by alana garrigues
manzanita, oregon | september 2021
one large black ant
a bodybuilder, surely,
each bump of its body
-head, thorax, abdomen-
the size of a ripe huckleberry
to the salted sea.
it has nearly reached tide’s edge,
stepping thousands of tiny steps by now, from
the sea grasses, or the blackberry vines, or the pines across the road,
over the dunes and a quarter mile of dry sand,
to arrive here.
no small feat, even for a bodybuilder.
i stop and wonder why,
gazing at it for ten minutes or more,
taking one long stride for every hundred or so it takes.
i can’t help but watch its journey,
protectively standing near as other humans pass, not noticing.
it would break my hard to watch them quash it with a shoe before it arrives,
wherever it is trying to arrive.
it can’t possibly drink the water.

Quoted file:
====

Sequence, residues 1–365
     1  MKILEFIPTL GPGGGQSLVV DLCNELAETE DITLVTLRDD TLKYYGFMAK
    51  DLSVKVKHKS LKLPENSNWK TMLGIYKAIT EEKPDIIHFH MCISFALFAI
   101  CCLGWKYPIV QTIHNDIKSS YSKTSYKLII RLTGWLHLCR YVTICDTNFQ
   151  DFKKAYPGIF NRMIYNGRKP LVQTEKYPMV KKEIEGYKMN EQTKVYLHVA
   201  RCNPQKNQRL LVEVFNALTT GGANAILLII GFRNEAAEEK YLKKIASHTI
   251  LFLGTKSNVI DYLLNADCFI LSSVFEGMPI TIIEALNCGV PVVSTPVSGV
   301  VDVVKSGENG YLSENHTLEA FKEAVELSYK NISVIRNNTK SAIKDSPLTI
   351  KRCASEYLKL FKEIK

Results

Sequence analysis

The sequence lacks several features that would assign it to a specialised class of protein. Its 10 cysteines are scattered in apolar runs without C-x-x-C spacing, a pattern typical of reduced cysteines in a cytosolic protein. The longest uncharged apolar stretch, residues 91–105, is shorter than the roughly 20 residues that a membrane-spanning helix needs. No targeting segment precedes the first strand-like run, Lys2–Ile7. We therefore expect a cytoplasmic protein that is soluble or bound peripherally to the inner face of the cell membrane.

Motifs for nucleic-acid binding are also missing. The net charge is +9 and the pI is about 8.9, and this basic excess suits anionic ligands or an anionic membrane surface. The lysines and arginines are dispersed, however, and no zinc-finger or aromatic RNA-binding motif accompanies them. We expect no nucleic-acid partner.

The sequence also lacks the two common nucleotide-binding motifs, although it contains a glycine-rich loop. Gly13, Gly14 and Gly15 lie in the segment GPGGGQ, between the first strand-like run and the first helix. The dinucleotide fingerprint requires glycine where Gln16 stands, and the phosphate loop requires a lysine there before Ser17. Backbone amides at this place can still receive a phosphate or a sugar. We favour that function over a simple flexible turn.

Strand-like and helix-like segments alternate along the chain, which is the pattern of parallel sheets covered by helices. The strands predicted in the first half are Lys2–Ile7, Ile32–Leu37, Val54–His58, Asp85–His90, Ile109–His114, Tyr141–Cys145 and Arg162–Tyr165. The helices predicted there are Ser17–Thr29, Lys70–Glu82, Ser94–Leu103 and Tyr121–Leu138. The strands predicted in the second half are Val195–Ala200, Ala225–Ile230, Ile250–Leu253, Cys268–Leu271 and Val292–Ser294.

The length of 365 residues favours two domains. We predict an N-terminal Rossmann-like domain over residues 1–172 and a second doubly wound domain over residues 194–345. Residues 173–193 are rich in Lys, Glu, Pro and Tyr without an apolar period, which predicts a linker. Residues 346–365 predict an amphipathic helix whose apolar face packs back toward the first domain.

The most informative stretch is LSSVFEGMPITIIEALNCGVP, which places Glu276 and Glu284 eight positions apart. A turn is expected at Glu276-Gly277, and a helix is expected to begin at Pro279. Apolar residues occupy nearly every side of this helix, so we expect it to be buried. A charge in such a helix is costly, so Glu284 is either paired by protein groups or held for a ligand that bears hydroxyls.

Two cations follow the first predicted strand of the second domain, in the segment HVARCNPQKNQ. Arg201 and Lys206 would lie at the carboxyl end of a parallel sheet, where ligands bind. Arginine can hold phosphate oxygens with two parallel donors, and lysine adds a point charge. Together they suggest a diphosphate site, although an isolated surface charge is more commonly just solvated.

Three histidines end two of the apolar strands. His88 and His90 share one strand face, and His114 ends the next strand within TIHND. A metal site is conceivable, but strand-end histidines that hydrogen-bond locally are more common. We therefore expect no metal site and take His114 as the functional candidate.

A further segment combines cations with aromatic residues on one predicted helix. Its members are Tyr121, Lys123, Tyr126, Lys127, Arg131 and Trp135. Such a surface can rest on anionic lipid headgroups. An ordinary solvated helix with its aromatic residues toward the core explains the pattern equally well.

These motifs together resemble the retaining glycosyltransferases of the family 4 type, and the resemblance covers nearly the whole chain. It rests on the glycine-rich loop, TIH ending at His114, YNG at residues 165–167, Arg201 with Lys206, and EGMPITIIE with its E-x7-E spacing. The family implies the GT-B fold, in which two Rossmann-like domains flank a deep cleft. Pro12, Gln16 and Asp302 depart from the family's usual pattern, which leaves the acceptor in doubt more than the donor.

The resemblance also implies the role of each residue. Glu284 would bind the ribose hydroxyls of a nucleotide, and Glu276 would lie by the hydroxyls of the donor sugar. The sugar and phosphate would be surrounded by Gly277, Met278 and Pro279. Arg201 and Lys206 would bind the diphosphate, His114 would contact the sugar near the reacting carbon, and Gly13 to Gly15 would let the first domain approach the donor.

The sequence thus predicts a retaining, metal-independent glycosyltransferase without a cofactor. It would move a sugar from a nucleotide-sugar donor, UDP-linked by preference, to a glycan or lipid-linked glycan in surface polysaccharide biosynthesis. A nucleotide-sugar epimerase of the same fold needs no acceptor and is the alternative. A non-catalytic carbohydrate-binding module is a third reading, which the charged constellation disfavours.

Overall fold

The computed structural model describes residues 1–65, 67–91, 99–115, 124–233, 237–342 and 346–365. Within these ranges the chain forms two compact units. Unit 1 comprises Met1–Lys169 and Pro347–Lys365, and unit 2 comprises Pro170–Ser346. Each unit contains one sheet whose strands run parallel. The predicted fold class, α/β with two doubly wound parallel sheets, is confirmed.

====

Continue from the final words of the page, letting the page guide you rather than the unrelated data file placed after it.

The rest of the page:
it can’t possibly swim.
yet drawn to the wet,
the reflected sky,
however that must look from down so low
it marches on.
a small wave washes in.
knee deep for the ant, the water tosses its body around once
so it is facing the shore, and for a moment, i hope
it will return, i hope
it will take the water as a sign that it has come far enough.
the water recedes,
and the ant sinks on land, pulled into the wet sand that slurps
at human ankles, drowned to its midriff.
undeterred, it makes a few wide lunges, pulls itself up and out of the muck,
and turns back toward the water
the biggest labeled body in the world, the pacific.
the sand has dried just enough that its top layer is crust now,
and the bodybuilder walks.
it pauses a moment to look south,
body parallel now to the tide, ocean to its right, dry land to its left,
and i crouch down to take a picture,
to mark its presence, its existence, its blind courage.
as i do, i ask it, aloud
“did you read the awakening? is that what this is?”
when i stand, a wave rushes in, mid-calf for me, and i retreat.
once the undertow finishes its work, sucking the salty licks back to
ocean mother’s body, i return, hoping for a miracle,
but it is gone, and my own walk is calling me home.